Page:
By Margaret Reist, Lincoln Journal Star
Members of Justice in Action — a nonprofit created last year to address mental health and criminal justice reform — filled the Lancaster County board room Tuesday to oppose the more than $1 million budgeted to move jail inmates to other counties to deal with overcrowding.
Several speakers urged the county to use the money instead to expand diversion and mental health programs.
“As people of faith, we believe in rehabilitation over incarceration,” said the Rev. Kirstie Engel of First United Methodist Church of Lincoln and one of the organization’s co-presidents. “We want people in our community to have access to organizations that give them the care and help they need to live positive and productive lives.”
The group’s appearance was prompted by a recent decision by county corrections officials to transfer 13 women in Lancaster County’s jail to a Washington County jail because there was no room for them.
County Corrections Director Brad Johnson had been warning of the possibility for months as the jail population increased during winter months when it typically goes down, and he included $1.1 million in his budget request to prepare for the possibility that they’ll need to transfer more inmates to other counties.
The county is in the process of contracting with an organization to do an assessment of the local justice system to find ways to reduce the jail population.
“I share their concerns of the jail being at capacity,” County Board Chairwoman Christa Yoakum said after the meeting. “The reason we are moving some of the women out is because the other option was to have them sleep on the floor, and that’s not humane.”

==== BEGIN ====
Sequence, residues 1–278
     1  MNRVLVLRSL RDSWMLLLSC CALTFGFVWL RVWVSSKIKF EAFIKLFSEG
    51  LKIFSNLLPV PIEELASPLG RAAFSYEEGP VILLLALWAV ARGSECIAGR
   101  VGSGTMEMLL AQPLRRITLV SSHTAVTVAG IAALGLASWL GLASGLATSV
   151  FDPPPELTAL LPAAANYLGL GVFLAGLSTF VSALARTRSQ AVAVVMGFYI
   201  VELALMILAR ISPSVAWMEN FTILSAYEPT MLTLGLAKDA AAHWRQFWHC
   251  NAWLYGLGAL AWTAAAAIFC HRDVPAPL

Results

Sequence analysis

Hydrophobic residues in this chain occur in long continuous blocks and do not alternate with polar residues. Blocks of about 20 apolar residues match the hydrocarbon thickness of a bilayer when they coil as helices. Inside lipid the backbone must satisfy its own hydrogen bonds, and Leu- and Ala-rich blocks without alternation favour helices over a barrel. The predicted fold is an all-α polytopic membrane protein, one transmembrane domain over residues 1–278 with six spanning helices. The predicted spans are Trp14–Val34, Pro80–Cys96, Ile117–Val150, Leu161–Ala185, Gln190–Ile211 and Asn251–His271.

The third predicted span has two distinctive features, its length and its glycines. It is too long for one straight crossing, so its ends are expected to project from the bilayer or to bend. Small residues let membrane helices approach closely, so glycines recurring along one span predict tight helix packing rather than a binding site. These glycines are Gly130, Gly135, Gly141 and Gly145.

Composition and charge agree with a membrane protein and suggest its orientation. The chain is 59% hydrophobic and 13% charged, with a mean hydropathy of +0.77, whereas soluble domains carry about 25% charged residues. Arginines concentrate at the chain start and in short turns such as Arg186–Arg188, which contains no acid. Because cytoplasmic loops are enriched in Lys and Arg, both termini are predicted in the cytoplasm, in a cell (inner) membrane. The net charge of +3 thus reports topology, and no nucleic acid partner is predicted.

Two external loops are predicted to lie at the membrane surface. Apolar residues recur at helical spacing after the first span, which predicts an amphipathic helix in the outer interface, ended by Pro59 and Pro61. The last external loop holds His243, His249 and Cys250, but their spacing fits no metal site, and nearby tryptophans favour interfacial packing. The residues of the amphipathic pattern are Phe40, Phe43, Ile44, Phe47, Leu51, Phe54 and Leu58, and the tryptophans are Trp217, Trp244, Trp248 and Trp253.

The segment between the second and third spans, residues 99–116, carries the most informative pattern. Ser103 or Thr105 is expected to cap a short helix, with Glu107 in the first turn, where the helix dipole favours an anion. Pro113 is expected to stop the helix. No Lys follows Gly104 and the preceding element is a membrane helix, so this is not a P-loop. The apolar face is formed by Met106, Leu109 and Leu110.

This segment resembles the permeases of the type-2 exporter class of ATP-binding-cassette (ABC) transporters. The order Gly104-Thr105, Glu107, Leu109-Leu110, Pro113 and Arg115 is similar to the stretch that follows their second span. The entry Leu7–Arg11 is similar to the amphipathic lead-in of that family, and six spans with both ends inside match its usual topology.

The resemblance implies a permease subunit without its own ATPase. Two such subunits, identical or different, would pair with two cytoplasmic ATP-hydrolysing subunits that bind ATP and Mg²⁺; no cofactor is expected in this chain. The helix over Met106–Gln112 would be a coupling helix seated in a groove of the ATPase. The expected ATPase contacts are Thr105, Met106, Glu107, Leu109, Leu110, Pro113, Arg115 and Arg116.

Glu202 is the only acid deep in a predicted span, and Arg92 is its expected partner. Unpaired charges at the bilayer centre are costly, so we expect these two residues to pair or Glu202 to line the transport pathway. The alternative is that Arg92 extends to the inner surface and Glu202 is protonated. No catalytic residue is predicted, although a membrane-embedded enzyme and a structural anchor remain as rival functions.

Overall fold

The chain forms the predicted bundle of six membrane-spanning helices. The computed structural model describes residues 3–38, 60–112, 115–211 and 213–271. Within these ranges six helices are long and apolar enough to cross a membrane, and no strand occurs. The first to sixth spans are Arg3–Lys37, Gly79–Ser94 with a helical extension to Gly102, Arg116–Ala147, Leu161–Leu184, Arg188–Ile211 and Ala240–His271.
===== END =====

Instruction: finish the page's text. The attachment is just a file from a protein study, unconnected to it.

The money was allocated in case it’s necessary, but it doesn’t mean they have to use it, Yoakum said. The board also approved a new corrections position to help inmates make discharge plans in an effort to help them be successful, she said.
Engel said the group — comprised of leaders of Lincoln and Lancaster County faith communities — hopes a recently hired community corrections director will look for more alternatives to incarceration, but the money allocated to moving inmates convinced them they couldn’t just “wait and see.”
Tobi White, pastor of Our Saviour’s Lutheran Church, recalled a meeting in May discussing ways to increase diversion programs with county officials, and her group is “incredibly disappointed” to instead see the county allocate more than $1 million to rehousing inmates in other counties.
She said she knows many inmates suffer from substance use or mental health issues, and the organization’s research has shown diversion programs are successful.
“What I can’t understand is why such a logical approach gets pushed under the rug,” White said. “You and the people in the room have the power to make important directions. This is one of them. Let’s stop kicking the can down the road and start making wise decisions for the sake of our community. You have that power, so let’s start using that together.”
Several people said moving inmates makes it harder for families and attorneys to visit them, removes them from their support systems and leaves them feeling hopeless.
Former Lancaster County Public Defender Joe Nigro, who was with the public defender’s office for 39 years, said moving people to other counties is harmful to the people being moved and could ultimately lead to a new jail — like it did a decade ago.
“Expanding diversion is a better solution than sending people to other counties, and it’s certainly a better solution than building a new jail,” Nigro said. “Because if we build it, we’ll fill it.”
View the original story here.